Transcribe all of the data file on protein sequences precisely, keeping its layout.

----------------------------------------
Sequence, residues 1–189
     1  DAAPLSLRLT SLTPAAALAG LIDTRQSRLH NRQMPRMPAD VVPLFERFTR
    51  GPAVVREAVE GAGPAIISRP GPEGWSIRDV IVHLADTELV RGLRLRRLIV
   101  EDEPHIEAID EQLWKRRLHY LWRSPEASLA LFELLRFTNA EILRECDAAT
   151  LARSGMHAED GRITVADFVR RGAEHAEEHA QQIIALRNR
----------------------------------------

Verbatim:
Sequence, residues 1–189
     1  DAAPLSLRLT SLTPAAALAG LIDTRQSRLH NRQMPRMPAD VVPLFERFTR
    51  GPAVVREAVE GAGPAIISRP GPEGWSIRDV IVHLADTELV RGLRLRRLIV
   101  EDEPHIEAID EQLWKRRLHY LWRSPEASLA LFELLRFTNA EILRECDAAT
   151  LARSGMHAED GRITVADFVR RGAEHAEEHA QQIIALRNR